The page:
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BuzzFeed encourages reporters to write more stories
Colour me confused. BuzzFeed has cut its newsroom by about 40% over the past year and moved away from long-form investigations. But in a recent meeting BuzzFeed News Editor in Chief Karolina Waclawiak told staff that they needed to increase the news division’s output as part of an effort to help the newsroom meet a goal of becoming profitable this year.
The site still claims to do long-form journalism, citing a 6,000-word piece published last week about human trafficking suspect Andrew Tate. But those seem to be seen ‘as the basis for documentary projects’ and are maybe not likely to be the hardest-hitting investigations. The real focus is stories that resonate with the audience and that is almost certainly celebrities and internet culture if we’re talking pure traffic volume.
Cutting and growing? Surely those two strategies don’t sit well together? Try cutting your way to profitability if you want. It rarely works but fine. Or grow your output, worth a shot if you publish the right stuff. But doing both at the same time? Sounds like a recipe for resignations.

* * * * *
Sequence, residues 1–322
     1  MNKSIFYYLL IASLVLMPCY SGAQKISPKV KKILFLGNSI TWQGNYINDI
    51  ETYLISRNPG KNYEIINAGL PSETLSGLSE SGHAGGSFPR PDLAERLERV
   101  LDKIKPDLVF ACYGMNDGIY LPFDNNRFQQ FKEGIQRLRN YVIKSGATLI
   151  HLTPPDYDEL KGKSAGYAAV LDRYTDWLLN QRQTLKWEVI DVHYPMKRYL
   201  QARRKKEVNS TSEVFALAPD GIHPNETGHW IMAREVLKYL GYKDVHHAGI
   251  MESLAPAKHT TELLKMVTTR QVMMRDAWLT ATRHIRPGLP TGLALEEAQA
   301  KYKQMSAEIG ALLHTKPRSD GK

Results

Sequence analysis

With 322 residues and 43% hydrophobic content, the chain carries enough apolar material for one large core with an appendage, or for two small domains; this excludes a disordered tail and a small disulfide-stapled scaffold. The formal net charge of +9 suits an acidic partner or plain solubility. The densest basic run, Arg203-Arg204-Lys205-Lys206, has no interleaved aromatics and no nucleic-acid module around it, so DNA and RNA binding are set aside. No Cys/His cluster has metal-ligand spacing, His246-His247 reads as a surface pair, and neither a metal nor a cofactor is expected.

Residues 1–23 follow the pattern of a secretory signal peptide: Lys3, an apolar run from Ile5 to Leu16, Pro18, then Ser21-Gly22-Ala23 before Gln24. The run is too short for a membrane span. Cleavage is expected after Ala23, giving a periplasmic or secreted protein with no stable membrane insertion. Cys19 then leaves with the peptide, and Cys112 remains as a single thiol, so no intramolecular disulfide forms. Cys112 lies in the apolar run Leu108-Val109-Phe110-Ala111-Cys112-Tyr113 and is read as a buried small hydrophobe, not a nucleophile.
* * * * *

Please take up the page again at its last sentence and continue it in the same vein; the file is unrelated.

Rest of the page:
What makes good podcast artwork?
It’s easy to see things like podcast graphics as an afterthought, but strong imagery makes a difference. From conveying the right ‘vibe’ for your audience personas to the nuts and bolts of image file sizes, this is a great, practical, advice piece from PodPod on how to make sure your audio gets the eyeballs it needs.
Muckrack’s ‘State of Journalism 2023’ research is out
I haven’t read Muckrack’s ‘State of Journalism 2023’ report yet, it only came out this afternoon, but who doesn’t love an industry survey? Questioning 2,200+ journalists, it’s focused on the trends and challenges for the industry this year. The PR highlights are interesting, with one in five journalists saying they receive upwards of 50 pitches per week. Compare that with the five stories a week that half of respondents said they write.
Semafor Media Reporter Max Tani on joining a global media start-up
On this week’s episode we hear from Max Tani, media reporter at news start-up Semafor. He tells us how he came to Semafor; the Venn diagram between media, politics, Hollywood and pretty much everything else in life; about Semafor’s attempts to balance out news and opinion; and whether covering the White House was anything like The West Wing.
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